Seeing everything but dry weather in Iceland
Question: I am going to Iceland the last week of March. What can I expect? How long will daylight last? More importantly, I will be there for only five days — what would I be crazy to miss?
The warm waters of the Gulf Stream and the prevailing south-westerly winds from the Atlantic combine to give the southern and western coasts of Iceland balmier temperatures than those of NYC.
The bummer is this weather pattern is combined with cold polar seas and mountainous coastlines that form condensation and rain, rain, rain! Luckily, however, March isn't one of the highest rainfall months, averaging 3 inches of rain and temperatures in the mid-30s to mid-40s.
The first thing not to miss, which you obviously won't if you plan on spending any time in Reykjavík, are the crayon-colored homes in the capital city. With all the rain, Icelanders must feel the need to brighten the landscape with buckets and buckets of paint.
You'll find many of the rooftops in Reyjavík are a brilliant shade of red, eggplant, lemon, or green. As far as great outdoor activities, no matter which direction you travel from Reyjavík you'll find fjords, lava fields, hot springs galore, and colossal waterfalls.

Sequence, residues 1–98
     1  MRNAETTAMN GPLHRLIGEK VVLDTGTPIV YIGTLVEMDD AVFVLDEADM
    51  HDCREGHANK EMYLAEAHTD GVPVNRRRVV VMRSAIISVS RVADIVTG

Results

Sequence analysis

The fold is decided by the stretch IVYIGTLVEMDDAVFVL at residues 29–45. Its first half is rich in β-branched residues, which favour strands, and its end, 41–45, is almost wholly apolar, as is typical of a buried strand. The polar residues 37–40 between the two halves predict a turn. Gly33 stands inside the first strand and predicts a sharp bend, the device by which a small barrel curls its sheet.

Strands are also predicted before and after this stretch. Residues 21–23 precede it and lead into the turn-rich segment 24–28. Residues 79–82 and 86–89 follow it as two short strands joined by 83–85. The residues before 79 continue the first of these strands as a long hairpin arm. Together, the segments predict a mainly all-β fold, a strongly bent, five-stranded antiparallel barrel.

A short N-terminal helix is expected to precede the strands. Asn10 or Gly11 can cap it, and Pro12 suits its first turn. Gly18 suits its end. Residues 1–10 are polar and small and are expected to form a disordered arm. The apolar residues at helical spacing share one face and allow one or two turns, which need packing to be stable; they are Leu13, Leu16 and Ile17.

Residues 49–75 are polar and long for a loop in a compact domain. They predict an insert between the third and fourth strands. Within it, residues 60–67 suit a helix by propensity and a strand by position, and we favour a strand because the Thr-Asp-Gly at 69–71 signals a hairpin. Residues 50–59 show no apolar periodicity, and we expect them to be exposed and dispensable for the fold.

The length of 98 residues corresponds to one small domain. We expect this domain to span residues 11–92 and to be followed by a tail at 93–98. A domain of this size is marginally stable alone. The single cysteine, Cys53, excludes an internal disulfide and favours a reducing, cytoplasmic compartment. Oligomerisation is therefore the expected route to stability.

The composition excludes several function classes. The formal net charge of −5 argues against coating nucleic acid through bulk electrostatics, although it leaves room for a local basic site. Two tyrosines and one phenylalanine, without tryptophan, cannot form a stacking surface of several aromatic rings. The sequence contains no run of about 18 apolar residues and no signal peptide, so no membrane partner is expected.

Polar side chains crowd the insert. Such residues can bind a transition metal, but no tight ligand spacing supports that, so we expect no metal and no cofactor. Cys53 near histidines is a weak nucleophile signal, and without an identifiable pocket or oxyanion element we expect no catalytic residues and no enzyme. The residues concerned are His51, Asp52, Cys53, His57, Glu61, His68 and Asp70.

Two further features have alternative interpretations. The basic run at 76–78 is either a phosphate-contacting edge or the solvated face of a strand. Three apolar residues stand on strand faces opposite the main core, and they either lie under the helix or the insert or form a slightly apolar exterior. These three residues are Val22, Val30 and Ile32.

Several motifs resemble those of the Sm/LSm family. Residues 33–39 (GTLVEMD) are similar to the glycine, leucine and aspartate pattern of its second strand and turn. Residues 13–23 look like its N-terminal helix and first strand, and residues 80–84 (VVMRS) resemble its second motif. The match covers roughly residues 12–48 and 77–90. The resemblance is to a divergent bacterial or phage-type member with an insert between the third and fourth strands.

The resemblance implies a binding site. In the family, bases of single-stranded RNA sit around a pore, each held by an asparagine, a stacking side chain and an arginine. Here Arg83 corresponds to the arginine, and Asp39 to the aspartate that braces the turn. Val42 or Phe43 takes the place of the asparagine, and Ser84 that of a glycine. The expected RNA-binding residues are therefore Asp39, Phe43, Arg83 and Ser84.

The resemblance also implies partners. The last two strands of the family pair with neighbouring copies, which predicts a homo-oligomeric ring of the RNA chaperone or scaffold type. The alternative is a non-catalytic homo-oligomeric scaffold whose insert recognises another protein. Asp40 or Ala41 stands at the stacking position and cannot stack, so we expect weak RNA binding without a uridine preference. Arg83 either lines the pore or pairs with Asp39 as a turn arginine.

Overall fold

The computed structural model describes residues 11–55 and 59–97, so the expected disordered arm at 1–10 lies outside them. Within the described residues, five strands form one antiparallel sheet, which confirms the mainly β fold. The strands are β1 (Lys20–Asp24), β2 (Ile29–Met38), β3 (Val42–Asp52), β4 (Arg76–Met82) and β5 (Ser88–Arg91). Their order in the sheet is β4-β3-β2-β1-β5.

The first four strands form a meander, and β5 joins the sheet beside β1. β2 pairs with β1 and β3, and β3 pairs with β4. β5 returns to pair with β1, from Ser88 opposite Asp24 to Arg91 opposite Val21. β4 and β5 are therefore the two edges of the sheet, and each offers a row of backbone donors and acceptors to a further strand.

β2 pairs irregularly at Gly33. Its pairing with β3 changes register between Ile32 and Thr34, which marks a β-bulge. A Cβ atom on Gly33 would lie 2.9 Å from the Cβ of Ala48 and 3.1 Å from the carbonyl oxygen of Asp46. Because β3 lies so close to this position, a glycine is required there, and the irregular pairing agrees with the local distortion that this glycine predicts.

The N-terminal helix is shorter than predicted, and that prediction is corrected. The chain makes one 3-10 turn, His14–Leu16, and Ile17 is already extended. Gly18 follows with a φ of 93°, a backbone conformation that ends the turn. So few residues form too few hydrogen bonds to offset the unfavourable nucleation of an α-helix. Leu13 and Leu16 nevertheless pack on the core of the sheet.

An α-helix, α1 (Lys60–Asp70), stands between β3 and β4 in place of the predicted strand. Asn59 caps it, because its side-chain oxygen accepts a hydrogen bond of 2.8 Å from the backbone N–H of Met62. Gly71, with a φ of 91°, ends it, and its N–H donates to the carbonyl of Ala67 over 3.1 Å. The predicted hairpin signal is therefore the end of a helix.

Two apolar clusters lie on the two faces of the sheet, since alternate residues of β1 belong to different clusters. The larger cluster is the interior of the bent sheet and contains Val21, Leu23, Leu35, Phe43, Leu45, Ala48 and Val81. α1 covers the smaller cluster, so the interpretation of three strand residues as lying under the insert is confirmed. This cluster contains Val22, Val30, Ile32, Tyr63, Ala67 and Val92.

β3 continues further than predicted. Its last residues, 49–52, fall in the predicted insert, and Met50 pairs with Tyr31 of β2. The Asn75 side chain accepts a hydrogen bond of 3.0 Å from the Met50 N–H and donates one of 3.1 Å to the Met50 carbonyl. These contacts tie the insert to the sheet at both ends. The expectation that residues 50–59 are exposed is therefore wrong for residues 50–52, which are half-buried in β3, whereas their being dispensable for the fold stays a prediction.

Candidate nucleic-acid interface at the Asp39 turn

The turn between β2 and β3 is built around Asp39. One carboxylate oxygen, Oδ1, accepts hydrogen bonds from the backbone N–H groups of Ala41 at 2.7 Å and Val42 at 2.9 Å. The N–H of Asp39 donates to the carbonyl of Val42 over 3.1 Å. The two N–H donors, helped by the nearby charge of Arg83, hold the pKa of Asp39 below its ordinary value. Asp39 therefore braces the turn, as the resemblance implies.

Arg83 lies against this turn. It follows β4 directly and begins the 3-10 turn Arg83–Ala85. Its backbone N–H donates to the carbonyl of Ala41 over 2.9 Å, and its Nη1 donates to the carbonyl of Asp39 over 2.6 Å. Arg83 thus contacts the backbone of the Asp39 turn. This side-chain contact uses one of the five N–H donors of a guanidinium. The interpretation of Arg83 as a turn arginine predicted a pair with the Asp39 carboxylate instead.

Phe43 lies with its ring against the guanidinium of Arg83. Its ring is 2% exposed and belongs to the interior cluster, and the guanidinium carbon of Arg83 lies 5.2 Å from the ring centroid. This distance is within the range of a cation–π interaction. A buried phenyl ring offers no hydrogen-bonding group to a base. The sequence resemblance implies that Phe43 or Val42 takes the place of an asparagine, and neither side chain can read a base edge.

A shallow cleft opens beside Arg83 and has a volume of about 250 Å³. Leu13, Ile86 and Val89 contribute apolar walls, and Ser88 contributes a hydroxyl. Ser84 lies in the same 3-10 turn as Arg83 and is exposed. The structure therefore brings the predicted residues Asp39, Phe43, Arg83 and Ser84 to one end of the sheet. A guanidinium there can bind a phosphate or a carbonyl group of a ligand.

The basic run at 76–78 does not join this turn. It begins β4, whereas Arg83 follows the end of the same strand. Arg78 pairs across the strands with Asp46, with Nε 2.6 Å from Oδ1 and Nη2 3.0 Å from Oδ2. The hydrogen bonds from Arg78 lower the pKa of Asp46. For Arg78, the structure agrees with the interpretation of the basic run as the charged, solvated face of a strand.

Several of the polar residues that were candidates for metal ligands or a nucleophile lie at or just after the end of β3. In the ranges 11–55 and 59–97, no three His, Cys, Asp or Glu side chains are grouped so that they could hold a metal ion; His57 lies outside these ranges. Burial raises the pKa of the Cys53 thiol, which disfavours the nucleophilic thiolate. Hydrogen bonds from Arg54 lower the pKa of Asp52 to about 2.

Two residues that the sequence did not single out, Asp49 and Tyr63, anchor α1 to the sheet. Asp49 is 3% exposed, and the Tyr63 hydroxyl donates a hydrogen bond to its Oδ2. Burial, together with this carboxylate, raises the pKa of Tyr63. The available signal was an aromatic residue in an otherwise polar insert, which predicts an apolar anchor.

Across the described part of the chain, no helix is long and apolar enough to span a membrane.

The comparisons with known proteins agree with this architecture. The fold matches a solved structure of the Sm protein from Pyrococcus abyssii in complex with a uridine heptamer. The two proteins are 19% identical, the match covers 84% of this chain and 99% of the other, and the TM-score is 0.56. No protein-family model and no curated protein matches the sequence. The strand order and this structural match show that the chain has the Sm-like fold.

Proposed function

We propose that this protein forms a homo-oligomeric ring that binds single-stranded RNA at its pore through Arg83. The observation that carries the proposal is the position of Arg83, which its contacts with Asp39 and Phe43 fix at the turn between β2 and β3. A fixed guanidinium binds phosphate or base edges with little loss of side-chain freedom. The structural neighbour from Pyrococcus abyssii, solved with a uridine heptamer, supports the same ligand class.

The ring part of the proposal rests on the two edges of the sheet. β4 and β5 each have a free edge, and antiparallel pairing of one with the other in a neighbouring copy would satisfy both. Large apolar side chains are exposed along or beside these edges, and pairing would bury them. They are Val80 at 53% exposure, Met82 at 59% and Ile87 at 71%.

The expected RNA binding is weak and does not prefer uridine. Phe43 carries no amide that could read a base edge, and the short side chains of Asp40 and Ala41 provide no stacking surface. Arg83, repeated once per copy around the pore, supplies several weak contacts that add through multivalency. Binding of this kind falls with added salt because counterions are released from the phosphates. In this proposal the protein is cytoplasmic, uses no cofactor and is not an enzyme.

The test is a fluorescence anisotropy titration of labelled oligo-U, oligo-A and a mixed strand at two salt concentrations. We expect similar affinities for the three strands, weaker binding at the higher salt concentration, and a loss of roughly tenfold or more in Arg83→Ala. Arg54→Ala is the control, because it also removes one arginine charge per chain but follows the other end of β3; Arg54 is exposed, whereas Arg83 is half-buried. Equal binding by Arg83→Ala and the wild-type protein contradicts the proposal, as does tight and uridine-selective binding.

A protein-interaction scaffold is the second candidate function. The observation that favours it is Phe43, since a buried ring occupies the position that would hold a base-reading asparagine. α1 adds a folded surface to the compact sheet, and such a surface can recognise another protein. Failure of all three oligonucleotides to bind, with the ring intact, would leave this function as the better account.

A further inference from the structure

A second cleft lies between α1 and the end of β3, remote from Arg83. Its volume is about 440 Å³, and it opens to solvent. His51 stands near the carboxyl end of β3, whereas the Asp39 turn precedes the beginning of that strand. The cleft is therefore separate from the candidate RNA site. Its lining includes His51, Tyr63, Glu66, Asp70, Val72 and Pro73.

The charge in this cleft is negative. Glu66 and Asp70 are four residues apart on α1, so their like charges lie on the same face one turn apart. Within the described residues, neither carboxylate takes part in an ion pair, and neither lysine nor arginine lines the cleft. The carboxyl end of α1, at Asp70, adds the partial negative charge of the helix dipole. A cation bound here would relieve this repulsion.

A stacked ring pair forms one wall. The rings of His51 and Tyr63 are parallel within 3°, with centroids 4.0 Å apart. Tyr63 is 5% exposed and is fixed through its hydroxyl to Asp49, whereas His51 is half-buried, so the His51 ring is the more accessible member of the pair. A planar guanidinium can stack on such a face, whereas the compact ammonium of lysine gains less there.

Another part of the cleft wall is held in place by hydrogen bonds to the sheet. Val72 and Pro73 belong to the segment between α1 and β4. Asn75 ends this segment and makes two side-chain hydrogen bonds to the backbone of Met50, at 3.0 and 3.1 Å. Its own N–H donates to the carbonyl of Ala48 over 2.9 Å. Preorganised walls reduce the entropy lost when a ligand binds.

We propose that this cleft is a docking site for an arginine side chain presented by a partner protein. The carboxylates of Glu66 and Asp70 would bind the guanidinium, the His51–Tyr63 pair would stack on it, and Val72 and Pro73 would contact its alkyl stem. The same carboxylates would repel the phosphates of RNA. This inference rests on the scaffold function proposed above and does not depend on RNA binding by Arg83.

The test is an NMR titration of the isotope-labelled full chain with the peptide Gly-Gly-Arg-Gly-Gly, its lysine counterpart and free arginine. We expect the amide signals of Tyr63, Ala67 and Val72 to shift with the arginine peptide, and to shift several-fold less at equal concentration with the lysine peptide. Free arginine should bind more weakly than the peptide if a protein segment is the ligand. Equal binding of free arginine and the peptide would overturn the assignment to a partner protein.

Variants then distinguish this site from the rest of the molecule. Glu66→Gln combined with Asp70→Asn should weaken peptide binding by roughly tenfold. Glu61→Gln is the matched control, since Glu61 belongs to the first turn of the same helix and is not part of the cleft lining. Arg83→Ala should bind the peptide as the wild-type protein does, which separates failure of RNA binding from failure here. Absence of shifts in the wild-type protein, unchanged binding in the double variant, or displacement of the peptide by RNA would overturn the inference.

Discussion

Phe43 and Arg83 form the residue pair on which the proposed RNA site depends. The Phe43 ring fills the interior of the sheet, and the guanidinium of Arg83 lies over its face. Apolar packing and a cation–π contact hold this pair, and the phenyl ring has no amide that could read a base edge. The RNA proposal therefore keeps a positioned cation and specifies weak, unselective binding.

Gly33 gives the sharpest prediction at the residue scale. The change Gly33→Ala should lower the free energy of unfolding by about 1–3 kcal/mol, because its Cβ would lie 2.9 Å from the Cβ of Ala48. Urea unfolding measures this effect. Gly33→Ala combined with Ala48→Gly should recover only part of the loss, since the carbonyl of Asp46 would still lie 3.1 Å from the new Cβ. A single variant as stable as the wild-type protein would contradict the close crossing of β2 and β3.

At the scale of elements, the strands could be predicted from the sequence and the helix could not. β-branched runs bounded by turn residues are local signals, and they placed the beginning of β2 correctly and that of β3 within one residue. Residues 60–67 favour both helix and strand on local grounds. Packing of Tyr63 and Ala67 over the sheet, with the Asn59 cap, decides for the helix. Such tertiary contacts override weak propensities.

One thing not to miss is the hot water of the Blue Lagoon just outside the small fishing town of Grindavík on the western end of the Reykjanes Peninsula. When they named this the "Blue Lagoon" they weren't kidding. The waters look like that new icy-blue drink from Gatorade.
If you have a substantial travel budget, you may also want to check out the Myrdalsjökull ice cap. Iceland's fourth-largest glacier also has the distinction of having a very destructive volcano underneath it. Though it rarely blows, the past geologic activity has created a scenic wonder with raging waterfalls, lush green hills, and ice caps that are skiable all summer long.
As for nightlife in Reyjavík, you can't miss the spaghetti-strap-black-dress crowd at the Café Sólon Islandus, the more laid-back Kaffibrennslan where you can literally sing "99 Bottles of Beer" and you still won't hit their entire beer selection, or the Kffibarinn, where crowds are still waiting to get in after midnight. One thing to remember: The party isn't over until 3 or 4 a.m., so pace yourself.